AG Raúl Torrez files lawsuit against companies’ use of ‘forever chemicals’
ALBUQUERQUE, N.M. – New Mexico Attorney General Raúl Torrez is taking a stand against so-called “forever chemicals” and the companies that produce them.
“Given the fact that these companies have known for decades, exactly how dangerous these chemicals are, it is simply inexcusable for them to continue to place profits over people,” Torrez said.
On Thursday, Torrez’s office filed a new lawsuit targeting 21 companies who reportedly continued producing toxic PFAS chemicals despite knowing the health risks. 3M and Dupont are the most notable companies named in the lawsuit.
The lawsuit is demanding the companies pay for PFAS cleanup projects in New Mexico as well as damages to New Mexicans.
“Whether you live work or play in New Mexico, the point is, is that we’re taking bold action today, and we’ll continue to do that to hold polluters accountable,” New Mexico Environment Secretary James Kenney said.
Polyfluoroalkyl substances – aka PFAS – are man-made compounds used in hundreds of everyday products. The chemicals were first developed in the 1940’s following World War II. The compounds are known to repel oil/grease and water while also being heat-resistant. Because of those properties, the chemicals are used in products like non-stick pans, fast food containers, cosmetics, paint and firefighting foam among many others.
According to the CDC, many PFAS chemicals have been phased out of production and use in the United States; however, other countries may still use them to produce certain products.
The big problem with PFAS chemicals – they do not break down into other compounds naturally.
PFAS chemicals exist in a toxic state forever. The compounds have been found in soil samples, groundwater supplies and according to a CDC study, in the blood of at least 97% of Americans.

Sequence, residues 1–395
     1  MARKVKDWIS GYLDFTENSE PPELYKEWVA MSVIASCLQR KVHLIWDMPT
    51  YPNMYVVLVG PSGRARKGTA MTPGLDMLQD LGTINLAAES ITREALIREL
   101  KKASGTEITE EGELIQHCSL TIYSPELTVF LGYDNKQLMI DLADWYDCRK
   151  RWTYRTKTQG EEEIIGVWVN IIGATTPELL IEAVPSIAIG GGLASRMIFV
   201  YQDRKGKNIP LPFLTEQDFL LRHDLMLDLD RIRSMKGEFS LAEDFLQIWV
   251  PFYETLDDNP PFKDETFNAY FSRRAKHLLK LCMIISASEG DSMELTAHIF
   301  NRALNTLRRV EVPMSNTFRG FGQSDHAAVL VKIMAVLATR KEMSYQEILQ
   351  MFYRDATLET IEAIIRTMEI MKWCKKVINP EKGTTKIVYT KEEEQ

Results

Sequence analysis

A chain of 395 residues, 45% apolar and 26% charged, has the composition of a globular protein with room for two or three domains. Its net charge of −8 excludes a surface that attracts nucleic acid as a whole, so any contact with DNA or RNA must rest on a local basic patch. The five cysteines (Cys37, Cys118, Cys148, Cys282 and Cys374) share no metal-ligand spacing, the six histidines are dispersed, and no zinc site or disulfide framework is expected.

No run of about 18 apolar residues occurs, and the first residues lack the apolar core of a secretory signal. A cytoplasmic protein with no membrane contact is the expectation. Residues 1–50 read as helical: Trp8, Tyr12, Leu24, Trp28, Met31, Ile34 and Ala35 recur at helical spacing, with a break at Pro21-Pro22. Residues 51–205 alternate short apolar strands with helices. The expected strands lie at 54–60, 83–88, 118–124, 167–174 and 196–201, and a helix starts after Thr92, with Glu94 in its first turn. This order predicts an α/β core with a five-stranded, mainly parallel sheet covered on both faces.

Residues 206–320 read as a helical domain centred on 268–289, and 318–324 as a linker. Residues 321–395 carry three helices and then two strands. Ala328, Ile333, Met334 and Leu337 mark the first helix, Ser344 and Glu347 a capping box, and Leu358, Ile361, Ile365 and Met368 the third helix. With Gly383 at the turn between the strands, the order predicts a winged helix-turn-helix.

“It literally is surrounding us almost on a daily basis,” Torrez said.
PFAS chemicals are linked to dozens of medical conditions in almost every part of the body. The toxins are also connected to several types of cancer.
“With each new study done by outside experts or government officials, the level of toxicity the level of potential harm associated with this family of chemicals has only grown more dire in terms of the potential impact to human health,” Torrez said. “This is why we felt it was necessary to initiate an action.”
PFAS contamination has been a concern for the AG’s office for years. Torrez confirmed Thursday lawsuits targeting PFAS groundwater contamination near Canon and Holloman Air Force Bases are still ongoing.
There are multiple efforts to reduce existing PFAS chemicals in the environment.
Researchers at Sandia National Labs are developing a specialized filter that can reportedly remove 99% of PFAS chemicals from water.
Officials say the technology can be used in large-scale operations as well as household settings. The research team recently received a $100,000 grant to continue their work.
Researchers at Northwestern University recently discovered at least two PFAS chemicals can be broken apart using a low heat technique. It’s worth noting there are more than 12,000 known PFAS compounds.